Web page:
In 2004, Scale the Summit was formed. Chris Letchford and Travis Levrier met while attending Hollywood’s Musicians Institute. Pat Skeffington soon joined on drums and Jordan Eberhardt contributed with the six string bass. Together they self-funded and released their first album Monument in 2007. With minimal lineup changes and Prosthetic Records signing them, Scale the Summit is now about to release their fifth full-length album appropriately named V.
Scale the Summit is commonly referred to as an instrumental rock band, and falls into this category often. When experiencing them though, there is no denying, there is a strong metal influence. This drives the band to create special and monumental pieces that bridge the gap between rock and metal in a way that abandons the "rock rules" and ventures into passages that were made for those who desire more than simple hard rebellious music.
For those unfamiliar with Scale the Summit, this four man band from Huston, Texas is similar to Animals as Leaders, who are alumni of Prosthetic Records. The differences are great, but the same theme is discovered. The purpose and emotion elicited is not that of shredding the faces off of the fans, but more of performance designed to deliver refreshing musical selections that are not written, but crafted. There are guitar solos, strong bass segments, and quick, precise drumming, but not in the fashion of the brutal carnivorous attributes which are fairly common in metal.
The songs are very distinguishable. The progressive facets are evident, this is made clear through the way the songs are crafted. For example, "The Winged Bull" keeps a moderate, even tempo that charges through the first three minutes, gradually building through mini guitar solos, repetitive riffs that chug at comfortable rhythmic pace, and a bass presence that seals off the full bodied experience. By the time the final minute commences, a more riveting form of composition reveals itself, easily identifying with the previous three minutes and being a tame, but satisfying closure to an excellent opening track.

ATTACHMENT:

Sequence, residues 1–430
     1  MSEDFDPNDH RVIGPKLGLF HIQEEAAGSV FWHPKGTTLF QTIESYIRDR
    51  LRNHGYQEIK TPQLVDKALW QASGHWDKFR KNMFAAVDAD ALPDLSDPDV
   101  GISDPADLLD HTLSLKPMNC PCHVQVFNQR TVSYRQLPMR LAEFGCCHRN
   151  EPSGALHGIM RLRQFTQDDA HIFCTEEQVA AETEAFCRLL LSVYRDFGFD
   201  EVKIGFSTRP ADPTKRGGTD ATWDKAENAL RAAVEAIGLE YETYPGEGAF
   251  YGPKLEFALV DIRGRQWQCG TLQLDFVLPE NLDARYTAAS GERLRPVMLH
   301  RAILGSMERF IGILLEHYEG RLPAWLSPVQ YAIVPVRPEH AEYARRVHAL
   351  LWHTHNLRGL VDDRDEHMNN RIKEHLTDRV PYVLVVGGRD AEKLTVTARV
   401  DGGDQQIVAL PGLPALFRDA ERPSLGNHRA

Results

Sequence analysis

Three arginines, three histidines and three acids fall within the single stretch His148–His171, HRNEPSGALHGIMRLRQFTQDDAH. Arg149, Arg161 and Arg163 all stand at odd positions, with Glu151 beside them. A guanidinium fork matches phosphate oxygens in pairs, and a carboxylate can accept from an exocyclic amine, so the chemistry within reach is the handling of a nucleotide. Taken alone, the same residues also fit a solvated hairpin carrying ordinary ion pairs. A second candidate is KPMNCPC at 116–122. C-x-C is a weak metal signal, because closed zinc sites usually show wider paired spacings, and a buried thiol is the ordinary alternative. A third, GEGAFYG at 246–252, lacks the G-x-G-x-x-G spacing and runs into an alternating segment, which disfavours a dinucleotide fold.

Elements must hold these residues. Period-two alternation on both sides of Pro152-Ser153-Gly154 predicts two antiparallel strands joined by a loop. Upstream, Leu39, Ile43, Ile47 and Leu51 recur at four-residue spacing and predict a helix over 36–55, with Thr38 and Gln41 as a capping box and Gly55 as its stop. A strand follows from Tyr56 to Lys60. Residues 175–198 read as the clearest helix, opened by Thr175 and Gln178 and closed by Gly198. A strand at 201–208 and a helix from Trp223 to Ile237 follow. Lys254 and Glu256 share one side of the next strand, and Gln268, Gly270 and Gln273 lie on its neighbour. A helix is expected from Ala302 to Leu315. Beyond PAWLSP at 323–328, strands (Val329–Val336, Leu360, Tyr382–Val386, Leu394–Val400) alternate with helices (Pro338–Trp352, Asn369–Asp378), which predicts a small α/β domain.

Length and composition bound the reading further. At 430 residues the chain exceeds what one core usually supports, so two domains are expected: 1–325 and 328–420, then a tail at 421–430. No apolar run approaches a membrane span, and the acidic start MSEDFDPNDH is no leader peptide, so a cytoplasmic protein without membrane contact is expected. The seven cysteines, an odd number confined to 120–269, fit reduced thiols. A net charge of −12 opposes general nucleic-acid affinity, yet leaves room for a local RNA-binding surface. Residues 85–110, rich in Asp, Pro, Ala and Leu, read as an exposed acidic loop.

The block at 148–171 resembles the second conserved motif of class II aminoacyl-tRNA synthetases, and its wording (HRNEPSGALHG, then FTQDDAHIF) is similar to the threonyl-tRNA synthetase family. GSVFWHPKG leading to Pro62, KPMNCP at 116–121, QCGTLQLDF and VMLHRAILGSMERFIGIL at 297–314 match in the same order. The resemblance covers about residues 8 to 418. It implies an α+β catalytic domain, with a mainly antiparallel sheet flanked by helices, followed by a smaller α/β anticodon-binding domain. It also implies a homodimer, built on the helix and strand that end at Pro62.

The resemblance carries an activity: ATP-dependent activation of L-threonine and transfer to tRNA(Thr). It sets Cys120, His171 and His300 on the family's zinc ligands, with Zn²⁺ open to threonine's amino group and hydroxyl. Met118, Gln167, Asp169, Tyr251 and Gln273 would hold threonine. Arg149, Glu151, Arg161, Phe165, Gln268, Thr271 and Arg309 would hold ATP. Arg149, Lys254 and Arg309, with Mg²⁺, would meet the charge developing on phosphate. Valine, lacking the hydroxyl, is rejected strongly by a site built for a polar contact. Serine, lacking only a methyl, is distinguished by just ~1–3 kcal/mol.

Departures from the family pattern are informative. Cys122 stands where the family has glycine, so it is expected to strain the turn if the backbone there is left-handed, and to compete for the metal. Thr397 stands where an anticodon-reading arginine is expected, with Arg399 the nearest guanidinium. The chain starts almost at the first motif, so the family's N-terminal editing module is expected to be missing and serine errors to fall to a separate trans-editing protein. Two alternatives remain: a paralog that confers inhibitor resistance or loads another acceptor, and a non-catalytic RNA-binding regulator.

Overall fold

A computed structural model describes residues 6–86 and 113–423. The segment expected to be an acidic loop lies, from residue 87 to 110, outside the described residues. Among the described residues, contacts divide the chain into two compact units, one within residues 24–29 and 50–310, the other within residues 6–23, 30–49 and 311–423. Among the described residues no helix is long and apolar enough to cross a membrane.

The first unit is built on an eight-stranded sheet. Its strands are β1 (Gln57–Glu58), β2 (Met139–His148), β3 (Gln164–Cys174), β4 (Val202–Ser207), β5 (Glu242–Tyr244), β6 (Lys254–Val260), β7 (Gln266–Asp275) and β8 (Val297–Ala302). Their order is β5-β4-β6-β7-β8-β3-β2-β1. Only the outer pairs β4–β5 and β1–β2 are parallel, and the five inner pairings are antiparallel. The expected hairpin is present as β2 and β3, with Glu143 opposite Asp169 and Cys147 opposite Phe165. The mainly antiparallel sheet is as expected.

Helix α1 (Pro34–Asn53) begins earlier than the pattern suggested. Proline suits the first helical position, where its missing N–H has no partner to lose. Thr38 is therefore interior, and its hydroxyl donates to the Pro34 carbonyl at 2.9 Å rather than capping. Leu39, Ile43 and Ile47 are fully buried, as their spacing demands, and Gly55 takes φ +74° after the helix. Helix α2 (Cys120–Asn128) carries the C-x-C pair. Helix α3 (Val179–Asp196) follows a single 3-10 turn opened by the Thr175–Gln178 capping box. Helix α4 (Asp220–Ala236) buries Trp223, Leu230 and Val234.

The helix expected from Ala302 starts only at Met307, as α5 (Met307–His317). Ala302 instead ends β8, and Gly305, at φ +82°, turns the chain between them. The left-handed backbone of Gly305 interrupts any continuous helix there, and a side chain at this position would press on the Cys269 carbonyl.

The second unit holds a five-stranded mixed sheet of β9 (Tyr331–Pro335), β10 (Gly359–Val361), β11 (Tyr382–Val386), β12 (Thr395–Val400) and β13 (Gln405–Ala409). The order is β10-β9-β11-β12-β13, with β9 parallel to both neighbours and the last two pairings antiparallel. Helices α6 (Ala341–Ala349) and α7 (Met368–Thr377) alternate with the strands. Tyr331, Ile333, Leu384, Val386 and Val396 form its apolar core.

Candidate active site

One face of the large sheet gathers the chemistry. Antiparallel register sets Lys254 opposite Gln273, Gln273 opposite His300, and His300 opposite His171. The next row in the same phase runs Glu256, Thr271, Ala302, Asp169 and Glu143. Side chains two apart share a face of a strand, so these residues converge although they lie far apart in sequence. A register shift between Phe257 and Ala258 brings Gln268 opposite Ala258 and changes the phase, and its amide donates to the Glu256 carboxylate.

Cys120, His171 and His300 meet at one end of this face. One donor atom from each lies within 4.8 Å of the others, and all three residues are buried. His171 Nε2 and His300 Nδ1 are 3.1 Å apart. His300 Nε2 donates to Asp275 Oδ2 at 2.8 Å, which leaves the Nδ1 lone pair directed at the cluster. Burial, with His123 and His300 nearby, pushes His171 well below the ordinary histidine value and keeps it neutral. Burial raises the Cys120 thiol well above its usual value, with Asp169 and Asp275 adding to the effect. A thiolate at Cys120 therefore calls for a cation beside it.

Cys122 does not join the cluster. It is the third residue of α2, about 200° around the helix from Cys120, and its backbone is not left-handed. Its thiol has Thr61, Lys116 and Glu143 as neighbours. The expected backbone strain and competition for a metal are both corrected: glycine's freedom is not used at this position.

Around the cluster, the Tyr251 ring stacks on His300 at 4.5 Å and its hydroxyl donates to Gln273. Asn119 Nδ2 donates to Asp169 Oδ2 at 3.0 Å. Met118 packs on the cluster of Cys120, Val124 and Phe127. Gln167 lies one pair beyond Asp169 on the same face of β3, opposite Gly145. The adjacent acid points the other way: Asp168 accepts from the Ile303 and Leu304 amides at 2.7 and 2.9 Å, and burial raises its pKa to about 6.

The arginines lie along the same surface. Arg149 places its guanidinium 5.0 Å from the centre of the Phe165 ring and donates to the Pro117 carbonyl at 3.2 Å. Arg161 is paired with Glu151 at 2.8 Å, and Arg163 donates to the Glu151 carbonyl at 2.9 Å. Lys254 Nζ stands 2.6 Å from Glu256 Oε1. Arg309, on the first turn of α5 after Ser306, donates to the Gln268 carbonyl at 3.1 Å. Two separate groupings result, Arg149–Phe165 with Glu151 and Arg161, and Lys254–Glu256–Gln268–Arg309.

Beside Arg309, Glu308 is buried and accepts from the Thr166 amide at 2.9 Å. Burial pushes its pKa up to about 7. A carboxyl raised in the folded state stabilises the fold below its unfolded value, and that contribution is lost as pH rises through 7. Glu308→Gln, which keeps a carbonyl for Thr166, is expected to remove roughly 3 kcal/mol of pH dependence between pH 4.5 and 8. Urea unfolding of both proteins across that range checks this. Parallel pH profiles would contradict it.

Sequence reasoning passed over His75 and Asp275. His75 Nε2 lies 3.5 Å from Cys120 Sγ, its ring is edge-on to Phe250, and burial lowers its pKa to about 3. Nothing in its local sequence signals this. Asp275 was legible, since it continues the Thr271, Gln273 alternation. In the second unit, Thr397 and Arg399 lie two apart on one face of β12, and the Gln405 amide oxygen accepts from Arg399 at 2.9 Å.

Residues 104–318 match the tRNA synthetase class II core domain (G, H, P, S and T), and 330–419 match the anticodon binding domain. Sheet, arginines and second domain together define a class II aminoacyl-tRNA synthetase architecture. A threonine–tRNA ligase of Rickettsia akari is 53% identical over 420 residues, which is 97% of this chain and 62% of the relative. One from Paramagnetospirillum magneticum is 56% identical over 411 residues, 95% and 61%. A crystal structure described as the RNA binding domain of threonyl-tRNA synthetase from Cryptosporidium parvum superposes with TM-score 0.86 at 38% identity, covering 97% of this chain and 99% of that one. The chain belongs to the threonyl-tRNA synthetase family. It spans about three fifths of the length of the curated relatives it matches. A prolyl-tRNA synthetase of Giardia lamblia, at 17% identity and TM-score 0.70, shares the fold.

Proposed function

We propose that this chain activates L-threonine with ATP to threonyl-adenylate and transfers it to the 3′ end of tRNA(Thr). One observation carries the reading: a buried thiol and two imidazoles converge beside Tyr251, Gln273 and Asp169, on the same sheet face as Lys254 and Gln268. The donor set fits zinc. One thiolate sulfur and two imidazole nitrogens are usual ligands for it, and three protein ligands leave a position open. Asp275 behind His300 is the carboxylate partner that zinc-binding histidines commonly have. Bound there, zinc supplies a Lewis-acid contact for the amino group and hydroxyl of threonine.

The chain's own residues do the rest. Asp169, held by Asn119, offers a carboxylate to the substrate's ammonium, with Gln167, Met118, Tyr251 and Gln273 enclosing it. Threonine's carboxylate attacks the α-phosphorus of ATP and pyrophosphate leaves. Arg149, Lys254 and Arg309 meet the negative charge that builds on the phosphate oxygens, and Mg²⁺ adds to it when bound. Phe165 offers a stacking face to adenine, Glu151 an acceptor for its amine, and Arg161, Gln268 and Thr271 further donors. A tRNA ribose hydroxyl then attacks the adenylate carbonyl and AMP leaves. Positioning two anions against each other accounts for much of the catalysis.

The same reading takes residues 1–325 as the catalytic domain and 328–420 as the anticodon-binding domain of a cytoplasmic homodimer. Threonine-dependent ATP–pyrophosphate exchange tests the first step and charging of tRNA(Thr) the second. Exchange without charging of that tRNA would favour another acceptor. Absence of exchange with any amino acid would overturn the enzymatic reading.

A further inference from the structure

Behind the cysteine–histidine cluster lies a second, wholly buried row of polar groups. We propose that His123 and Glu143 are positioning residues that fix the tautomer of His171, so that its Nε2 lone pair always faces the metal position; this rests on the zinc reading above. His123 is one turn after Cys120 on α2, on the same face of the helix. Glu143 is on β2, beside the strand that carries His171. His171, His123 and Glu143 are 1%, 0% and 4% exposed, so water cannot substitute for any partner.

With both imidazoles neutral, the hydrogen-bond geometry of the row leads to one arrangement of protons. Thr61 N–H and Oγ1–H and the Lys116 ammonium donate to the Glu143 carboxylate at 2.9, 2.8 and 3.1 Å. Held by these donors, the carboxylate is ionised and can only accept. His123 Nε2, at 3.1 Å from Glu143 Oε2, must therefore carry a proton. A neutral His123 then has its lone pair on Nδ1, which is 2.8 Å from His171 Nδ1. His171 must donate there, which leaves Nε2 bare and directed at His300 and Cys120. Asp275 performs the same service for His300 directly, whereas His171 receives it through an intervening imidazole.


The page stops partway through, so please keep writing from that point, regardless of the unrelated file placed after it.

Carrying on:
I'm no audio engineer, but the production is an interesting mix. All instruments seem to be very clean and tight, except the lead guitar. The lead seems to possess a raw power and feel. It sounds as if it's being played live, and you're watching the performance unfold. I feel this adds strength to the album, as the lead guitar is often the driving force on most songs. Its rougher sound ties in the remaining acts and complements the surviving parts. "Blue Sun" is an excellent example of this, and a personal favorite on V. "Blue Sun" is one of the more distinguishable tracks, with each section of the song being a dedicated course to a five course meal. At over seven minutes, the dinner that is "Blue Sun" will satiate, but not over burden the listener with the undesired bloated feeling. The courses are delicately presented so the listener is able to consume and digest the complexity of every detail, with a desire for what's to come.
On September 18th, Scale the Summit's V will be available to consume. With every fine piece of work, the patient observation and evaluation will yield a greater experience. Don't expect V to come alive and speak to you on the first listen, allow it to feed you the reasons why it will be one of the best instrumental albums of 2015.